The AMA specs only seems to have gear ratio choices for the GTO - with 4 Bbl the 3.23 as standard gear for both manual & auto. The GTO with tri-power option lists 3.55 as standard gear for both manual & auto. The gear ratio's I first provided came from the GTO Association handbook on GTO specs that they publish.

Cast iron can be welded. I have seen a factory weld repair to a head where the rocker arm stand was fixed. Cheaper to fix a small a small defect rather than cast another head. There are several techniques - heat or no heat. The pieces can be pinned together with a stud prior to welding as well. They make welding rods that can repair cast iron with some being a nickel based rod. From what I have been told, once welded using the nickel rod, the piece cannot be machined as the nickel/weld is extremely hard.
 

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Discussion Starter #67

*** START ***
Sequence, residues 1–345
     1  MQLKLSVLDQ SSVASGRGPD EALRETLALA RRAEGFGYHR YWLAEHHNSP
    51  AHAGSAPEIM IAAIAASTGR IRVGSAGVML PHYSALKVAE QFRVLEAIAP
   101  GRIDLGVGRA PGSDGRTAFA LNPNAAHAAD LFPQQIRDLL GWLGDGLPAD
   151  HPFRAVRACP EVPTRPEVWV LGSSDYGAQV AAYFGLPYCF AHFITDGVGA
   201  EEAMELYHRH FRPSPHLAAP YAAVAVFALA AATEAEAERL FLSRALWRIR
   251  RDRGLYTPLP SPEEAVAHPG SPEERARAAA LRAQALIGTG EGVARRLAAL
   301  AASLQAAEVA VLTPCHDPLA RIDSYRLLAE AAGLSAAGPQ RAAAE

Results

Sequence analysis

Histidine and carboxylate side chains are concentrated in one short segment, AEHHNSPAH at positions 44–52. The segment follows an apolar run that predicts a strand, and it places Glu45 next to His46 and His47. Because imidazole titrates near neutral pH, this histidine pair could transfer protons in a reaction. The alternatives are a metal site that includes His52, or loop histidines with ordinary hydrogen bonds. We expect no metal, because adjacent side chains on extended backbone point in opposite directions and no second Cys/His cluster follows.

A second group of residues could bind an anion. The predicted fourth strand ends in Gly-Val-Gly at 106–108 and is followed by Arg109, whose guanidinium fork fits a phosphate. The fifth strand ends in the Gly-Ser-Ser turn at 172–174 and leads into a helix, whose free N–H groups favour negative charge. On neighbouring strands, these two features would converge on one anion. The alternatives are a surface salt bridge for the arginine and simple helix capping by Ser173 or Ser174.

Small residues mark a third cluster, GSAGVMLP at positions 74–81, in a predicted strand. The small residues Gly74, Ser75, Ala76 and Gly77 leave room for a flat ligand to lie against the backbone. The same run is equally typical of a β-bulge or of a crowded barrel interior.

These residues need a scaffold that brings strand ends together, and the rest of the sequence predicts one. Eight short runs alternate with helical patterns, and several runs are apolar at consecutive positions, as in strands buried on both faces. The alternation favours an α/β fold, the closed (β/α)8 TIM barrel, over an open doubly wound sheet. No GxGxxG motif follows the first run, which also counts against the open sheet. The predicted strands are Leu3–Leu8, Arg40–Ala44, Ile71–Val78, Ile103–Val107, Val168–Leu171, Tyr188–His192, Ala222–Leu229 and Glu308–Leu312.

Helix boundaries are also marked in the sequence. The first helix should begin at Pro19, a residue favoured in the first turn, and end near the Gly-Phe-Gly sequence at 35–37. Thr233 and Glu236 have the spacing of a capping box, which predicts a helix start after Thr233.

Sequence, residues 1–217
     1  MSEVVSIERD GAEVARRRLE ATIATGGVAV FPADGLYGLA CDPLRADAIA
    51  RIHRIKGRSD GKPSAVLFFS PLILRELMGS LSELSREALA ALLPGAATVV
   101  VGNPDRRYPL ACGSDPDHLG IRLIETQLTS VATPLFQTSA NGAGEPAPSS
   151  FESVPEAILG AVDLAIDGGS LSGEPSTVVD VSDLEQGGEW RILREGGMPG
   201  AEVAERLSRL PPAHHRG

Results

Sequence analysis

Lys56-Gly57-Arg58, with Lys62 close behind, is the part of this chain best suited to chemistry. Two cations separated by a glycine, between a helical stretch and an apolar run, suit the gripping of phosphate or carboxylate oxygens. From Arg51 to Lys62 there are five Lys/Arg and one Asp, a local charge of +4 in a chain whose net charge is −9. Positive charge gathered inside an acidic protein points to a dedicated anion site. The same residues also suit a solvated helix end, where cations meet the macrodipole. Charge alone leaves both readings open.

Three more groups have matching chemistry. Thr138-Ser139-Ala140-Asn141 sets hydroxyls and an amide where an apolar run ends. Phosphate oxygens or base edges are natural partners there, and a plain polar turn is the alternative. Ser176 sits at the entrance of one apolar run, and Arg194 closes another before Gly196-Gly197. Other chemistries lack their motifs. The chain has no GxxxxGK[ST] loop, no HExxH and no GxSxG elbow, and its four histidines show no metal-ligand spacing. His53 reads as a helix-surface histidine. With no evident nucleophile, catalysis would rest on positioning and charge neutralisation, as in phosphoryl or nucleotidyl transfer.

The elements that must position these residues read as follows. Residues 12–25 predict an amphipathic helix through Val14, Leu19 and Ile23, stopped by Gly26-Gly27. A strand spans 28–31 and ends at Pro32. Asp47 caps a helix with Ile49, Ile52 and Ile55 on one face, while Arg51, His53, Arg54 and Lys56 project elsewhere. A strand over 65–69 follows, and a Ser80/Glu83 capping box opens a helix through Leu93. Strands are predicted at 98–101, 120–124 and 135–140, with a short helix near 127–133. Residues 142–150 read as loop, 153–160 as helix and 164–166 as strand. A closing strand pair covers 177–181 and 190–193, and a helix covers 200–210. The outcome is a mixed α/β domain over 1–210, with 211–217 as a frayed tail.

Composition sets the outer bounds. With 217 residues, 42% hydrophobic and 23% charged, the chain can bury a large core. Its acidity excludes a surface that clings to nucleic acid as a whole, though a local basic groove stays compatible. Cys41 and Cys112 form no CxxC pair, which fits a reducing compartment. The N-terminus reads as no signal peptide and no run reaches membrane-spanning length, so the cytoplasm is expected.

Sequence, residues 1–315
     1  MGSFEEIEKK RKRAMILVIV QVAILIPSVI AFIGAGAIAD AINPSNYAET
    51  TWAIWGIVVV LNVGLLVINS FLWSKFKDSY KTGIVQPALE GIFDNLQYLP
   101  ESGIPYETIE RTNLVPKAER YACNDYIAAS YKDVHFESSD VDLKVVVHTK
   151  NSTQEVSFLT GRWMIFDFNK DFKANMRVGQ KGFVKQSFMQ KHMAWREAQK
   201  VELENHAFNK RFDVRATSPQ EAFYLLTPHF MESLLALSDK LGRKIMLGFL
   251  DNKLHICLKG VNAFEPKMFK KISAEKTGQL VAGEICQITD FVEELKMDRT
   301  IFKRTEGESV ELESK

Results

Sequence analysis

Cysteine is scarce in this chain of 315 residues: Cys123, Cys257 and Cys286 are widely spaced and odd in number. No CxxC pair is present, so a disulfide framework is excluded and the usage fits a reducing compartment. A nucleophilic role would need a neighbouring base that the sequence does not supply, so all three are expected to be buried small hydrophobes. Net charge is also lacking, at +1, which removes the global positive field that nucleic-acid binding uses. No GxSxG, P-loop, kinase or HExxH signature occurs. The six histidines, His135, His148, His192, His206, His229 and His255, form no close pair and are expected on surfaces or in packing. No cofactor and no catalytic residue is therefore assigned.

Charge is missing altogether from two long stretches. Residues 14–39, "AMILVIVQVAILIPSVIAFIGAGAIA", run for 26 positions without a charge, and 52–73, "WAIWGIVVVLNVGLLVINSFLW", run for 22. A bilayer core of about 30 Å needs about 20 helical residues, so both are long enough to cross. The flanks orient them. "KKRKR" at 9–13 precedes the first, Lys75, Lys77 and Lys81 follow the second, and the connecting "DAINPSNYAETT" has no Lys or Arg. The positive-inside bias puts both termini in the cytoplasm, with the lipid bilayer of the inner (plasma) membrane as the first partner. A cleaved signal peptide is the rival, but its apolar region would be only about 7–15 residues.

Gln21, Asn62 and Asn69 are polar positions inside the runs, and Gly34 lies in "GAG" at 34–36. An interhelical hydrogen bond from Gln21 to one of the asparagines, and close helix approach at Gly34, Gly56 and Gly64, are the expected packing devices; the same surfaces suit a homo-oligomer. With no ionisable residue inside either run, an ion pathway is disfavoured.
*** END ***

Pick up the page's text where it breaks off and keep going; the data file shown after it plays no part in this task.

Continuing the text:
I dropped both of my rear ends of this am to a fella near me who said he can rebuild the rear end for 600.

When we got them out of the truck and set them side by side I can see the difference between the rear end cast codes 9773722 and 9779822.

It turns out that the ear on the top of the differential with cast code 9779822 has a much larger diameter hold for mounting the rear top trailing arm.

The rear diff that is cast code 9779822 has a smaller diameter hole. Other than that from the exterior they appear to be 100% identical.

It looks to me that the 9779822 were on earlier cars and that Pontiac might have switched over to 9779822. Probably because the larger diameter bushing was better or something for torque. Maybe different gear ratios got you one as opposed to the other. I have an automatic transmission with 3.23 so this was not really a torque monster. Perhaps thats why this car got the smaller bushing rear end. But it looks like there is more meat around the bushing. I would think this added strength to the set up. But since torque twists, maybe a better or larger bushing was required.


https://www.gtoforum.com/attachment.php?attachmentid=119415&stc=1&d=1559941100

https://www.gtoforum.com/attachment.php?attachmentid=119413&stc=1&d=1559941100

https://www.gtoforum.com/attachment.php?attachmentid=119417&stc=1&d=1559941100

https://www.gtoforum.com/attachment.php?attachmentid=119419&stc=1&d=1559941100